I remember when I got my first mobile phone, the size of a packet of butter, weighing down my school blazer pocket in a reassuring way that meant I always knew that I had it with me; but the size and weight of my blue Nokia was irrelevant as the evolution in the way I could communicate with friends completely transformed my teenage life. No more knocking on doors or relying on landlines, you could now send a text message and find out exactly where someone was at any time of day. Life became about mobile top ups, text slang and the latest phone cover, the days of meeting at the canal bridge or waiting on the corner to meet people was long gone.
Papua New Guineas embrace with new ways of communicating is still in much earlier days but mobile phones are everywhere. Cheap handsets became readily available in 2007 and communicating by text boomed, but the recent introduction of affordable smart phones has changed the landscape of the way young people speak to each other. Text bundles make messaging cheap at around 20p for 50 messages and data bundles make access to the Internet affordable 75p for 60MB. In university you see students absorbed in their Alcatel One Touch Pixi’s checking Facebook but as well as transforming young people’s communication, mobile phones have had an incredible part to play in keeping people in touch in remote communities.
Currently around 76% of PNG has mobile phone coverage. Bulk messaging has significant benefit within development work to improve education, health, agriculture, employment, banking and even gender equality. It has been used to great effect by Voluntary Services Overseas within education as part of the SMS story project where teachers were sent daily text messages to improve literacy and the Language Support Program has embraced social media and bulk messaging to communicate the progress of the project to lecturers and trainee teachers.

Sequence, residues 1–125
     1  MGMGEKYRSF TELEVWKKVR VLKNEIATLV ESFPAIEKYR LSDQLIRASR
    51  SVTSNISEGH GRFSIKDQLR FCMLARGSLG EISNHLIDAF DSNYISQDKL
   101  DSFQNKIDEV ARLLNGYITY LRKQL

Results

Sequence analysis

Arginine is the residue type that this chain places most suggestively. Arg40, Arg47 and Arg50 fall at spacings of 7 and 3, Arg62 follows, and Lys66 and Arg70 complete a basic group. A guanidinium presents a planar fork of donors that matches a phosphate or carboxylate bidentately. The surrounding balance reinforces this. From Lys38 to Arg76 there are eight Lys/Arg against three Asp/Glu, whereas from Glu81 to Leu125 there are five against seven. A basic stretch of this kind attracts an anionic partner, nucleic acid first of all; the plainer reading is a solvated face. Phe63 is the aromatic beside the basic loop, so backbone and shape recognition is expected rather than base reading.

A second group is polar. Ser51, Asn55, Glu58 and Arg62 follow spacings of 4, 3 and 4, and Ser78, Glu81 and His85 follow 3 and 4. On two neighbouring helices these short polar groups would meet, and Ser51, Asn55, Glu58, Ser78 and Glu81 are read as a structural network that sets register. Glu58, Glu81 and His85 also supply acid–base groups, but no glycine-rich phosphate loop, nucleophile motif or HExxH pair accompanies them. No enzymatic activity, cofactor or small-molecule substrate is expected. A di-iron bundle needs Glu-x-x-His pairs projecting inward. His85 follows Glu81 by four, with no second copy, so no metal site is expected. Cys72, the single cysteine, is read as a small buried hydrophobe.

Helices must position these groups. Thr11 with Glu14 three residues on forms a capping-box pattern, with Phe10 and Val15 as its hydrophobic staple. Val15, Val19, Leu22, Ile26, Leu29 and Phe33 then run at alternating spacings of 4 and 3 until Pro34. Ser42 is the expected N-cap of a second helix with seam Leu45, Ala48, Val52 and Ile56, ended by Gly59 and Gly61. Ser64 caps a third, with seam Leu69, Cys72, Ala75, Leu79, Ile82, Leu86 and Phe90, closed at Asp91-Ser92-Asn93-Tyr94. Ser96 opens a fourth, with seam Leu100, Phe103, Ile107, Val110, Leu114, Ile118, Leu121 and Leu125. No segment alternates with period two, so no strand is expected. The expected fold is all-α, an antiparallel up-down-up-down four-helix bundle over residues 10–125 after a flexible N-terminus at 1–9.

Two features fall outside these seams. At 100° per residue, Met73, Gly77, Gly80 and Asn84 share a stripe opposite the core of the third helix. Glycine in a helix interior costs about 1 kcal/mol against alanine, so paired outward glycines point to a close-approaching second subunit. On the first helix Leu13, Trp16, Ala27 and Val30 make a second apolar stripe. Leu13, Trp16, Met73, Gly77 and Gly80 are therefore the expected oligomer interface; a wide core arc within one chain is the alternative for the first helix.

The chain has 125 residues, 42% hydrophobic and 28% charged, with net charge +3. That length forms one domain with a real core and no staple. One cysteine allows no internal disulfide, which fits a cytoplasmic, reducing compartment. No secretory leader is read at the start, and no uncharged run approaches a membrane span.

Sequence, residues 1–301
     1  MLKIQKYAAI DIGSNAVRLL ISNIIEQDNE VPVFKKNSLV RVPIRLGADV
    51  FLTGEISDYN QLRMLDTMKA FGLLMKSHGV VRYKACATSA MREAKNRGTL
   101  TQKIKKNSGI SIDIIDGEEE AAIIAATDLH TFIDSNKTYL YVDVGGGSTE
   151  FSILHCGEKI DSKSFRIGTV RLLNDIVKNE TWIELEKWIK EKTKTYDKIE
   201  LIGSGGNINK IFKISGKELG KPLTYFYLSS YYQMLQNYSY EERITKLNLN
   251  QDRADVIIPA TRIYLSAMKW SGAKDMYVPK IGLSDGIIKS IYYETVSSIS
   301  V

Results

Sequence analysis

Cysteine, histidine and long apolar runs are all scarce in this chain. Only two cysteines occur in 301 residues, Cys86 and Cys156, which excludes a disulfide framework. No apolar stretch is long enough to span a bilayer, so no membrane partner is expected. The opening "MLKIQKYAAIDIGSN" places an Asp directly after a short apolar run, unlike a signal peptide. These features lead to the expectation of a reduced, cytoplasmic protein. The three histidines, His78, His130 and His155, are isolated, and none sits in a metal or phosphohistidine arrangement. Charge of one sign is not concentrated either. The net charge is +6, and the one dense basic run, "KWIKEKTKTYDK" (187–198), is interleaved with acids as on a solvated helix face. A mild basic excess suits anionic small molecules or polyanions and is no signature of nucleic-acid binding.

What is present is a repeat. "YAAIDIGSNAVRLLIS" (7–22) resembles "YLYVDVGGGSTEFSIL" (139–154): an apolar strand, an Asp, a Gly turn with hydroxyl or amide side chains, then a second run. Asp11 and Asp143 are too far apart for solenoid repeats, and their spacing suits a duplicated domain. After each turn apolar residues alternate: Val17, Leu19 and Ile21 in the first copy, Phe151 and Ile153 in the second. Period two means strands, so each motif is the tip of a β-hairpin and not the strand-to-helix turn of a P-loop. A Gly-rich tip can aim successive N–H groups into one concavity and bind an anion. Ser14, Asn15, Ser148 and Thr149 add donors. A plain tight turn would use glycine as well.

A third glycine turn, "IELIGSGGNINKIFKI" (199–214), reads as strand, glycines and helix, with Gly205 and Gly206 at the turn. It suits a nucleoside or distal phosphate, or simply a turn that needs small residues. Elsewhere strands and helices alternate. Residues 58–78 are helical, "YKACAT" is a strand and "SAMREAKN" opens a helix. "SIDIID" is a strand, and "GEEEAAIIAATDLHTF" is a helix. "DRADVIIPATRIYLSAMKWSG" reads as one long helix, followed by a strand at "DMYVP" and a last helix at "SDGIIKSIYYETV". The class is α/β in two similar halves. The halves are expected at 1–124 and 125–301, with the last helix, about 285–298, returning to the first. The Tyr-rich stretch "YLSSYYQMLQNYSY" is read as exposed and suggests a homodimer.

There are barriers to mobile phone usage but there are unique ways for people to overcome the challenges. Where power is limited, people can come to towns and pay to have their phones charged! And having no credit needn’t stop you, as you have an allowance of 20 please call me texts per week if you dial *126*.
The novelty of mobile phone use really hasn’t worn off and anyone who has lived in PNG will be familiar with the random, relentless calls at any time of day or night where someone is dialing unknown numbers in an attempt to strike up a phone friendship. In remote settings Digicel, the leading PNG phone provider, has found that people use the free balance messaging service even when they haven’t used their phone as a way of getting information and for something to do. And capturing a photo on your handset is still exciting!
Young people have also come up with a unique number based code system to send greetings to each other. Not only do they use abbreviated Tok Pisin to formulate their messages, they also use a system of numbers to share messages. This is also used when writing notes as well as for text messaging. I’m probably a bit old to be down with the kids in the UK with how they use their phones but I really like these fun short cuts for sending messages:
143 (43) – I love you
99 – Goodnight
60 – Hurry up
19/9 – Nothing
72 – Same to you
82 – Hate you
3 – ID yourself
24 – No credit
100 – Urgent
3 – Yes (three letter word)
2 – No (two letter word)
91 – Nice one
Communication by numbers. 43, 99 🙂